Where I got the book: acquired through the LibraryThing Early Reviewer program.
Portrait of a Holocaust Child is a very personal memoir of a survivor. When she was a young child in 1942, Rita Kasimow Brown's family escaped from their Polish ghetto and spent nineteen months hiding in a tunnel dug beneath a farmhouse, unable to stand, living on scraps and crawling with lice.
Then they escaped. And Brown eventually moved to Israel. Where, in 2001, she processes the emotions still left over from her childhood experiences through writing about them and dialoguing with an imaginary character named Jay.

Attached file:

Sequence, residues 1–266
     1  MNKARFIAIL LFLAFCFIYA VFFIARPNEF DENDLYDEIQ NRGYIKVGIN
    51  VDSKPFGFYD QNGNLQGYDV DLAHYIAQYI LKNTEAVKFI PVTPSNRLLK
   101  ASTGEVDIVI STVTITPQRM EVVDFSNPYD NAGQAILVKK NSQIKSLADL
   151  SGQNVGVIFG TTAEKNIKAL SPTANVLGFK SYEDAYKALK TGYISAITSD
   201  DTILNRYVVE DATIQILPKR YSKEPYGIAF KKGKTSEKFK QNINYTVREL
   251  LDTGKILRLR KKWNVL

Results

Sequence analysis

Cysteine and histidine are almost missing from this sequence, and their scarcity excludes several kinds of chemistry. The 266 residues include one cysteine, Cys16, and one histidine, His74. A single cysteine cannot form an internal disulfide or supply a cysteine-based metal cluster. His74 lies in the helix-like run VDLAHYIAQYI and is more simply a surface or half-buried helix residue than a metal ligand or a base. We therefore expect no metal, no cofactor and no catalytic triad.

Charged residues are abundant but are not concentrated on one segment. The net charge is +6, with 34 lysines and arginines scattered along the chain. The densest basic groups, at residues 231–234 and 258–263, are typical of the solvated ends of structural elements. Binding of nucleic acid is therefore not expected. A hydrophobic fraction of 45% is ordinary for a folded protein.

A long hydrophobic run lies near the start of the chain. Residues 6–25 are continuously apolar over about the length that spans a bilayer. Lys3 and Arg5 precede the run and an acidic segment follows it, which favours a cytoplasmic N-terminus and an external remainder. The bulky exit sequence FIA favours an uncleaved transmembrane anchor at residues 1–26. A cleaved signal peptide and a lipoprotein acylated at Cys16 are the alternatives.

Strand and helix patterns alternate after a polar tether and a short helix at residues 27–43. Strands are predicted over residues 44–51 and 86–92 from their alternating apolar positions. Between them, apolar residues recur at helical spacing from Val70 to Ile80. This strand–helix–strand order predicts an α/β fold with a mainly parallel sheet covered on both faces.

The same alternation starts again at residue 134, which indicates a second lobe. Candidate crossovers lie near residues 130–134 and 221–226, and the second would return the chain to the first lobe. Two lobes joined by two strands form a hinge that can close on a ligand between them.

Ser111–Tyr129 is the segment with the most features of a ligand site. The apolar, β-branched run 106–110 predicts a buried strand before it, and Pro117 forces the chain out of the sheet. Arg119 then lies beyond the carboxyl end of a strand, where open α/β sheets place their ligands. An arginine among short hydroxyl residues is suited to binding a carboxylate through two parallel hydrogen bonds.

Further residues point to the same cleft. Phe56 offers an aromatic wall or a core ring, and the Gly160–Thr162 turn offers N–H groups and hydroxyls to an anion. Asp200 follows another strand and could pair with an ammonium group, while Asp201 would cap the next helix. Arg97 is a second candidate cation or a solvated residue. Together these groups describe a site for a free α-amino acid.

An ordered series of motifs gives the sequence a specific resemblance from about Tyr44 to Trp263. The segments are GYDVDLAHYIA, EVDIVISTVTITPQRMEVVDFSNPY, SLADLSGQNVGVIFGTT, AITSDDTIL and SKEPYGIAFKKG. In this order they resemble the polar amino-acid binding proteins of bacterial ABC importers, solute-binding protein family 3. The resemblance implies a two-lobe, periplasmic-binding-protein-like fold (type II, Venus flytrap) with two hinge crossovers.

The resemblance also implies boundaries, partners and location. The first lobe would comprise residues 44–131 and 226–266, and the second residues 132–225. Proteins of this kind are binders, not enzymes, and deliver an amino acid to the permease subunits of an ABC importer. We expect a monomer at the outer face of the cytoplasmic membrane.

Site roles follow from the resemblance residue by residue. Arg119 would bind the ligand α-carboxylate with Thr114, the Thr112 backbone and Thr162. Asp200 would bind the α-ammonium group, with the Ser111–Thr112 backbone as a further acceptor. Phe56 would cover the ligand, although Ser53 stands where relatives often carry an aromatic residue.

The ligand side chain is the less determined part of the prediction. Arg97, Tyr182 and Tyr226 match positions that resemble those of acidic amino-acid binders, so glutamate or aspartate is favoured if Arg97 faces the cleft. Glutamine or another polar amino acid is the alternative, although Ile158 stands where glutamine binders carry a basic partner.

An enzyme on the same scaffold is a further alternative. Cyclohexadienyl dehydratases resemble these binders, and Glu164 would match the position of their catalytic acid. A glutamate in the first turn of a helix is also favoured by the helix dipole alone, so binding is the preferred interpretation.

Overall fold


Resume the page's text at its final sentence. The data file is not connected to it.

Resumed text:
And that, really, is that. This is a very fragmentary memoir, made up as it is of the relived past, snippets of the present, and the dialogue with Jay, who talks a bit like a therapist. Which is not surprising because Brown is a therapist.
I'm left with the impression of a psyche caught in the past, unable to get free of the memories and move on to any kind of resolution. Brown's artwork, on color plates in the middle of the book, reinforces that impression: while the abstracts have an adult feel to them, the people in her paintings are childishly represented.
I found Portrait slightly annoying and somewhat disturbing. If you are studying severe, lifelong post-traumatic stress disorder, it might be interesting. If you're a Holocaust junkie, you might like it. Otherwise, I'd pass.